• Lucia MS, Anzano MA, Slayter MV, Anver MR, Green DM, Shrader MW, Logsdon DL, Driver CL, Brown CC, Peer CW. Chemopreventive activity of tamoxifen, N-(4-hydroxyphenyl)retinamide, and the vitamin D analogue Ro24-5531 for androgen-promoted carcinomas of the rat seminal vesicle and prostate. Cancer Res. 1995;55:5621–5627. [PubMed]
  • Michaud DS, Augustsson K, Rimm EB, Stampfer MJ, Willet WC, Giovannucci E. A prospective study on intake of animal products and risk of prostate cancer. Cancer Causes Control. 2001;12:557–567. [PubMed]
  • Prentice A. What are the dietary requirements for calcium and vitamin D. Calcif Tissue Int. 2002;70:83–88. [PubMed]
  • Renehan AG, Zwahlen M, Minder C, O'Dwyer ST, Shalet SM, Egger M. Insulin-like growth factor (IGF)-I, IGF binding protein-3, and cancer risk: systematic review and meta-regression analysis. Lancet. 2004;363:1346–1353. [PubMed]
  • Rodriguez C, McCullough ML, Mondul AM, Jacobs EJ, Fakhrabadi-Shokoohi D, Giovannucci EL, Thun MJ, Calle EE. Calcium, dairy products, and risk of prostate cancer in a prospective cohort of United States men. Cancer Epidemiol Biomarkers Prev. 2003;12:597–603. [PubMed]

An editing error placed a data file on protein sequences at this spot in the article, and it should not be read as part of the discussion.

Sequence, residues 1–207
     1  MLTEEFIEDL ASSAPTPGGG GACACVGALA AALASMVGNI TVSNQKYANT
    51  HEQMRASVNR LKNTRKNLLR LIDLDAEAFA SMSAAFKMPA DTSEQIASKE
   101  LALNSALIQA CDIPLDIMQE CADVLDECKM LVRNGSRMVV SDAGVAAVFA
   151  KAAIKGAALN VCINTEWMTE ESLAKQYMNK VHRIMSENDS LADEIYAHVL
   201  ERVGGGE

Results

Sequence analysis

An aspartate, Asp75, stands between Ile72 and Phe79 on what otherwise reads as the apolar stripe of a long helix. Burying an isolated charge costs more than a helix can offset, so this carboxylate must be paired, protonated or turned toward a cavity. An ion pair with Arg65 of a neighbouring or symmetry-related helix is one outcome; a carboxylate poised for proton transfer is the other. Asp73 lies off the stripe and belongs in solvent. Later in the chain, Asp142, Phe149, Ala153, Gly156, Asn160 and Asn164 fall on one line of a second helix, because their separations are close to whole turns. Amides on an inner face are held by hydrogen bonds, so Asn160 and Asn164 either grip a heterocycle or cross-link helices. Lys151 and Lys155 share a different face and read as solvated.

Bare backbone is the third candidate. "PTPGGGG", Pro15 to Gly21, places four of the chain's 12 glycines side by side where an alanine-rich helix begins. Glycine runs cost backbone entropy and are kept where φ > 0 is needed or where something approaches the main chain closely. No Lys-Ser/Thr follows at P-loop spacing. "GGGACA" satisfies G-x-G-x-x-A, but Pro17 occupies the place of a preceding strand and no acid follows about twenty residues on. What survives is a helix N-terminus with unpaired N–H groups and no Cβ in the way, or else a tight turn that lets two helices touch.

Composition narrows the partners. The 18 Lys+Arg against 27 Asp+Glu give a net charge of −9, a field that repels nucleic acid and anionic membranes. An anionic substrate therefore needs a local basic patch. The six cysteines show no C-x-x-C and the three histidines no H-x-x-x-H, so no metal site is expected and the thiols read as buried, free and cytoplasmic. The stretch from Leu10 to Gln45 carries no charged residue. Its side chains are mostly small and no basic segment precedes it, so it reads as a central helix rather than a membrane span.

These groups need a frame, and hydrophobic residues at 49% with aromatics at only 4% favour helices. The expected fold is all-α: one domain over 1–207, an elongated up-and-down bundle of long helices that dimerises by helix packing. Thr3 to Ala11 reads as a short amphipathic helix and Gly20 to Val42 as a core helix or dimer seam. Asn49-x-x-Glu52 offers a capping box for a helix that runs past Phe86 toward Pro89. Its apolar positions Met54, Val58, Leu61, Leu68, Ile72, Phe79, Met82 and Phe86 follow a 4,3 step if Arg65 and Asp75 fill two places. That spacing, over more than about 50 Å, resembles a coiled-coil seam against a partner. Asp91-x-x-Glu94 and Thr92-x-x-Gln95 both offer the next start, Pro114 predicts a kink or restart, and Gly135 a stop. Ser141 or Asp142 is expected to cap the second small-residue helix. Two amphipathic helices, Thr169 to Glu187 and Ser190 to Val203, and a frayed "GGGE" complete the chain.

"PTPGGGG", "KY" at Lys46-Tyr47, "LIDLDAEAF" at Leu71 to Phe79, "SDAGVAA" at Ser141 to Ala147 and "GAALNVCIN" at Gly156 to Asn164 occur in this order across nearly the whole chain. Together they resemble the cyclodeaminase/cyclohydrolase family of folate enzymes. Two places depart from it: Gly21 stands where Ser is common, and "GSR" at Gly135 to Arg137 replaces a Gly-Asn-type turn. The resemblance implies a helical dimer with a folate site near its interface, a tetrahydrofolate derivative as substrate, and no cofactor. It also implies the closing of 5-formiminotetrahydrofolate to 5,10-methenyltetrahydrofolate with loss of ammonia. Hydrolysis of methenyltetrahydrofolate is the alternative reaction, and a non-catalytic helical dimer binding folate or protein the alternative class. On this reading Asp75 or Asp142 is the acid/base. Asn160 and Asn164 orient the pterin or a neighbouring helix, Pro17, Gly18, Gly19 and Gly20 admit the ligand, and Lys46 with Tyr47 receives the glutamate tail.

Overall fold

• Schuurman AG, van den Brandt PA, Dorant E, Goldbohm RA. Animal products, calcium and protein and prostate cancer risk in The Netherlands Cohort Study. Br J Cancer. 1999;80:1107–1113. [PMC free article] [PubMed]
  • Schwartz GG, Hill CC, Oeler TA, Becich MJ, Bahnson RR. 1,25-Dihydroxy-16-ene-23-yne-vitamin D3 and prostate cancer cell proliferation in vivo. Urology. 1995;46:365–369. [PubMed]
  • Schwartz GG, Wang MH, Zang M, Singh RK, Siegal GP. 1 alpha, 25-Dihydroxyvitamin D (calcitriol) inhibits the invasiveness of human prostate cancer cells. Cancer Epidemiol Biomarkers Prev. 1997;6:727–732. [PubMed]
  • Severi G, English D, Hopper J, Giles G. Re: Prospective studies of dairy product and calcium intakes and prostate cancer risk: A meta-analysis. J Natl Cancer Inst. 2006;98:794–795. [PubMed]
  • US Department of Agriculture, Agricultural Research Service USDA Nutrient Database for Standard Reference, Release 12 1998. Nutrient Data Laboratoryaccessed 22 September 2005
  • Willett WC, Reynolds RD, Cottrell-Hoehner S, Sampson L, Browne ML. Validation of a semi-quantitative food frequency questionnaire: comparison with a 1-year diet record. J Am Diet Assoc. 1987;87:43–47. [PubMed]
  • Willett WC, Sampson L, Stampfer MJ, Rosner B, Bain C, Witschi J, Hennekens CH, Speizer FE. Reproducibility and validity of a semiquantitative food frequency questionnaire. Am J Epidemiol. 1985;122:51–65. [PubMed]

Articles from British Journal of Cancer are provided here courtesy of Cancer Research UK